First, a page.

According to the White House, the United States is celebrating a “National Week of Making” from 6/12-6/18 this year. A National Maker Faire was held in Washington, D.C., on the 12th and 13th, and people all of the country are sharing ideas with the #nationofmakers hashtag. You can go to this link to get ideas on ways to engage in making.
As many of you know, I am a huge proponent of the “maker movement” – especially within our schools. It’s good to see it getting this kind of attention for the 2nd year in a row.
For a list of makers who participated in the National Maker Faire, check out this page. You will see new ideas and new people that you might want to reach out to for “maker” advice.
Okay. Full Disclosure – George Clooney is one of my favorite actors. But I promise that is not the reason I chose to mention the “Create Tomorrowland XPrize Challenge” on this blog even though George Clooney happens to be the star of the movie this contest is promoting.
I haven’t seen the movie, and I don’t know a lot about the contest, other than what can be read on the website. However, if you know a child between 8 and 17 years of age who has an inventive imagination, you may want to investigate this opportunity. The contest asks for videos, images, or stories that envision a beneficial invention that might exist in our future.
You can see specific entry guidelines here. Don’t forget to visit the “Idea Portal” for some real-world examples of people who are working to shape a better future for all of us.
Submissions are due by 5/17/15 – so don’t procrastinate! Who knows what life-saving ideas might be hibernating in the mind of a student, just waiting for the right circumstances to be revealed?
Last school year, it occurred to me that the empty classroom next door would better serve our campus as a Maker Space. I applied for a couple of grants to get some supplies, and my GT students helped me learn more about the new products – from Cubelets to Little Bits. They also came up with the name for the space – B.O.S.S. HQ (Building of Super Stuff Headquarters).
The goal has always been to open the space up to all of the students at our school. But it has been a slow process – which isn’t necessarily a bad thing. I’ve realized that “beta testing” B.O.S.S. with different groups has helped to refine the best way to structure the space and give students access to the materials. Without someone dedicated full-time to running B.O.S.S., there are a couple of “hacks” that I’ve made to the typical Maker Space structure to make it more successful. I thought I would list the steps taken so far in case anyone else who reads this is considering this type of venture.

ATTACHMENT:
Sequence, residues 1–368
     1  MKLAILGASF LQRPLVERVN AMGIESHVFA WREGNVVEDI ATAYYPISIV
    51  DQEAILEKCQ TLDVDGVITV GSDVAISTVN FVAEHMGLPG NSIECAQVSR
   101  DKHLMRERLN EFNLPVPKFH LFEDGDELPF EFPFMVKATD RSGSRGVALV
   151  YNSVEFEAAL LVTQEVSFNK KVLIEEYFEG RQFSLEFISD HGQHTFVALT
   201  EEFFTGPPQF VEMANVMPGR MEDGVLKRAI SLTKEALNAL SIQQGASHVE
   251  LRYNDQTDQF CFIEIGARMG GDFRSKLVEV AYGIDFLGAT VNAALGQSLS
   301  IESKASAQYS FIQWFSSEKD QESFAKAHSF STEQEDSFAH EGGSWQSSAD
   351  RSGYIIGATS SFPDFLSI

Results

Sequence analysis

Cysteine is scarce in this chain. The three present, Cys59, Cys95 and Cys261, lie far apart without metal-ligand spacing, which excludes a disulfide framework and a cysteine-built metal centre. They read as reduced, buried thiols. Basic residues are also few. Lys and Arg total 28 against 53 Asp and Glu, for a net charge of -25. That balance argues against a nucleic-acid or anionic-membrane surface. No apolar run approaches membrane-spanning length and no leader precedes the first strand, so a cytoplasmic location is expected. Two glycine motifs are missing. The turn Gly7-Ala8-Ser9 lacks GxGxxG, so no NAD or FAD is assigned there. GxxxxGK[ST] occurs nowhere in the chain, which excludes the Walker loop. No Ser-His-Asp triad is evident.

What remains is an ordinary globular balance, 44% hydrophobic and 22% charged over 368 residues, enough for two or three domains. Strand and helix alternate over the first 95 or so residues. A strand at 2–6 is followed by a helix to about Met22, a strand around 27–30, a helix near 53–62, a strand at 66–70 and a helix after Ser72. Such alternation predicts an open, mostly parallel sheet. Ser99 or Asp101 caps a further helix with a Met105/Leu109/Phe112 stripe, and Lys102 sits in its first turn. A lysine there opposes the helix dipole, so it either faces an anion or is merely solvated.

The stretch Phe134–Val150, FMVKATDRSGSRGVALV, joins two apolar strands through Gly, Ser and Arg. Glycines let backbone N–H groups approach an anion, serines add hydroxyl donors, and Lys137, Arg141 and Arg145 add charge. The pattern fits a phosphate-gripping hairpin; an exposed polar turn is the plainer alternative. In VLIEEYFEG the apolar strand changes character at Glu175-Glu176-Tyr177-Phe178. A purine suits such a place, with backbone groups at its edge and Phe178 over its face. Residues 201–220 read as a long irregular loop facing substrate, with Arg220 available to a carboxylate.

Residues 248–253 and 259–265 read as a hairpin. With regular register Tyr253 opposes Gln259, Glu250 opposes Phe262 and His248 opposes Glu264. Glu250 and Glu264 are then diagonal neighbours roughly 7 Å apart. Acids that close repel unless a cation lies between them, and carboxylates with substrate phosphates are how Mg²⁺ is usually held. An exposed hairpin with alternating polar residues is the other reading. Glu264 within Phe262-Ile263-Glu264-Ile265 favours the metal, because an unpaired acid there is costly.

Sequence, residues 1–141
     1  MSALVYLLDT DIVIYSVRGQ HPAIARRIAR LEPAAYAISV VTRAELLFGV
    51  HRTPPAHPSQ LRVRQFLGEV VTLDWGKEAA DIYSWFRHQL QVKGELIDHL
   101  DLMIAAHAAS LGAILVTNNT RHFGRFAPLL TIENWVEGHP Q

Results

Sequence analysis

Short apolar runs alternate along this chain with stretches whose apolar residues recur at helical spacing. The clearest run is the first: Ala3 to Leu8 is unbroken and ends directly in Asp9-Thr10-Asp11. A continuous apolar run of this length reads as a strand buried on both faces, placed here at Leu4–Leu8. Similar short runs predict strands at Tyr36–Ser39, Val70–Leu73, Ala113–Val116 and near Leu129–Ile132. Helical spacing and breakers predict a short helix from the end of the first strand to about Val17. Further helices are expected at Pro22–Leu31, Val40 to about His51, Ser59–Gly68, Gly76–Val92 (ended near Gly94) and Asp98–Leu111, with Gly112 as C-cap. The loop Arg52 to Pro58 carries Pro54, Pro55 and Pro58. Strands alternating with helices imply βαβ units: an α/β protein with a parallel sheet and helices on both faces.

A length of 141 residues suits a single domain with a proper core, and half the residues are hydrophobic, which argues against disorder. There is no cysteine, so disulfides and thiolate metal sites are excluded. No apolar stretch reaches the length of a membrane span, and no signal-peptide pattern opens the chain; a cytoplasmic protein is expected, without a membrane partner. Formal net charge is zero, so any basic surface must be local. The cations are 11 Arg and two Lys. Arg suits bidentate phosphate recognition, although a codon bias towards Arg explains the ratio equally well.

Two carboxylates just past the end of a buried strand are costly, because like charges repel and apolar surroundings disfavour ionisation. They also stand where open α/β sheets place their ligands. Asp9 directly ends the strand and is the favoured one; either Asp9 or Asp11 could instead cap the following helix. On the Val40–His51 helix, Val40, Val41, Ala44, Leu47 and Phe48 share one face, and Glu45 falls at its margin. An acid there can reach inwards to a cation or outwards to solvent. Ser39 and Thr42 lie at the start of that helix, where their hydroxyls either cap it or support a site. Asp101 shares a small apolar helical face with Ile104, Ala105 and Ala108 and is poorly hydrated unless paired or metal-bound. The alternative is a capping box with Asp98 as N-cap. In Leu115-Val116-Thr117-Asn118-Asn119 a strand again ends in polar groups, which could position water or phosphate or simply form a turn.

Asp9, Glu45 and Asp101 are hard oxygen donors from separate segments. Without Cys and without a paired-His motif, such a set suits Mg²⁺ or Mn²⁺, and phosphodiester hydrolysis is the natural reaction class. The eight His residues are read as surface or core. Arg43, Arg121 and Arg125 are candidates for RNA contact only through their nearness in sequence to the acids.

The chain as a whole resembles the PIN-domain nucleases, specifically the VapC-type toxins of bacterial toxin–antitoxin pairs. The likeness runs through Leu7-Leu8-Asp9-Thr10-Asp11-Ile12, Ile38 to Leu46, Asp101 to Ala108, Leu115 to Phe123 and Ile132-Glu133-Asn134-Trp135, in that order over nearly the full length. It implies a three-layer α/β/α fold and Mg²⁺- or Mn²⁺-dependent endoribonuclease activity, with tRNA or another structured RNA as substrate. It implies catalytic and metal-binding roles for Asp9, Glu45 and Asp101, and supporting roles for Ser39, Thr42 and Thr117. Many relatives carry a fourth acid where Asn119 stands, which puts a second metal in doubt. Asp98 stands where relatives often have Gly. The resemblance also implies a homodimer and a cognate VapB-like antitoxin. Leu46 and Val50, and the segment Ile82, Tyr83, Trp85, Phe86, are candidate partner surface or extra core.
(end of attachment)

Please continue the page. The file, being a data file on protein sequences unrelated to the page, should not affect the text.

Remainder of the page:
This school year, a couple of other wonderful educators joined me in creating a Maker Club. It consists of 24 students, 2nd-4th grades, who meet once a week after school. We started the year making games for our Cardboard Arcade, then moved into making movies. We are currently exploring robots, and getting ready for a Robot Olympics. Finally, we will be making electric circuits for the last couple of months.
The students in Maker Club can “earn” extra time in B.O.S.S. I have opened it up one morning a week before school so the students can explore more. Maker Club members can work a morning as helpers and monitors, which earns them time to come and make. Some of them also earned time by doing a special project for me to help decorate B.O.S.S. Before the holidays, I gave out 5 shopping bags – each filled with different materials, and charged the volunteers with creating something for our B.O.S.S. bulletin board. They each had one word (Think, Make, Improve, Create, or Inspire) they had to use in their creations, but had no other rules.
So, now we are up to 24 students who have regular access to B.O.S.S., plus 24 Robotics students who are using it right now, as well as my GT students who have “leveled up” to earn time in B.O.S.S.
But that’s not enough.
My next mission is to get some other students to come to our morning B.O.S.S. time. So, I will be giving teachers B.O.S.S. passes that they can distribute at their discretion. In addition, we are going to have a monthly B.O.S.S. Challenge for the school, for which students can make something to earn time in B.O.S.S. (I’m currently looking for the best badging system to use for this.)
We are also going to have B.O.S.S. open to the teachers on our next Staff Development day so they can see what it has to offer. Then they can either bring classes to the space, or check out materials to use in their own classes.